Besides, were it commonly known that the two sixpences a week were being hoarded, the accumulating money would never [-153-] be absolutely safe and secure for the sacred purpose for which it was being put by. Between August and Christmas-time there would almost certainly occur a season of ill luck. There would be some sickness, or father would be out of work for a week or so, or some other domestic calamity would upset the family calculations, and then wistful eyes would he cast on the two subscription cards and the terms of contract inscribed thereon "Pay in what you like, and have it out how you like and when you please." Why not act on the suggestions the tradesmen in question were bound to abide by? Unless some desperate endeavour were made, to-morrow - Sunday - would be memorable in their family history as one of exceptionally short commons. Why not draw on the cards, at all events, to the extent of materials for a dinner? The goose club man sold bacon and pork ; why not buy just a small joint of him, and settle for it by permitting him to score off so much of the goose money he held already in hand? It wouldn't be like knocking the affair on the head altogether. Better times would be sure to come presently, and then it would be easy enough to make another start - to pay a shilling a week instead of sixpence, and so put the matter straight again before Christmas-time. Mother would undoubtedly protest against the specious proposition, and declare her utter disbelief in it ; but when the cupboard is bare, and Sunday is to-morrow, the most strong-minded female head of a family is apt to yield, and she would in the end give in.
And, shrewd as hard experience has taught her to be, she foresees this possibility, and it furnishes her with one of the many good reasons she has for making the goose and pudding clubs her secrets. The marvel is, how she contrives to repeat the same performance year after year, and carry it through to a triumphant consummation. One would naturally suppose that at the second, or at all events the third attempt, she must fail in arranging for a genuine and delightful surprise for the family circle on Christmas Eve. It might reasonably be assumed that, taking after their parent in the matter of shrewdness, the children old enough to understand matters would not be easily taken in after a time or two; but this is where the poor mother is put on her mettle. What fun can she find in hoarding in secret ? Why, not very much, perhaps, when those about her have no suspicion that she is doing so, but any amount of fun [-154-] when she has to exercise all her ingenuity to baffle artful inquirers and keep her precious earths from prying eyes.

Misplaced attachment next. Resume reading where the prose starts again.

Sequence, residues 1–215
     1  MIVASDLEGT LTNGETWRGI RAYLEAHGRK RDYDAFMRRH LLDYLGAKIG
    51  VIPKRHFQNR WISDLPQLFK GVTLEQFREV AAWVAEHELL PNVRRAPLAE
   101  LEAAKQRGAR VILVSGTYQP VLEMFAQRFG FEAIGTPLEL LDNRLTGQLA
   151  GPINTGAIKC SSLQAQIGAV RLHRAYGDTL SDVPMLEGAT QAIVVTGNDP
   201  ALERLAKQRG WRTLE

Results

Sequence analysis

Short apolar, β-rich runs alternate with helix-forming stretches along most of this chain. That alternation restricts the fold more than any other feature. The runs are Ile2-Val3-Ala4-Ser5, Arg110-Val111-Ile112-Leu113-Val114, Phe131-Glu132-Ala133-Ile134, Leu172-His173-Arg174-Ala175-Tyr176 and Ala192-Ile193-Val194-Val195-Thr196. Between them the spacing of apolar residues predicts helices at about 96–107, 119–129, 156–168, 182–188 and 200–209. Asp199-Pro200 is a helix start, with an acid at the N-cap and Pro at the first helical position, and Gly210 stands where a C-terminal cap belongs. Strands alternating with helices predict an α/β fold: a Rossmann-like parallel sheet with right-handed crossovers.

She has in some way to alter her tactics and to invent a new set of manoeuvres each succeeding year. She has to tax her ingenuity to find a new hiding-place for the tell-tale documentary evidence of her savings. This is a most important part of the business. She is aware that as the day of days more closely approaches, and the probability - the bare possibility, even - of her doing this year as last, is privately and anxiously discussed among her boys and girls, a rigid search will be made, and even the most unlikely places ransacked, to discover the receipt cards. She recollects that time when she very nearly overreached herself by a cunning contrivance to outwit the inquisitive ones.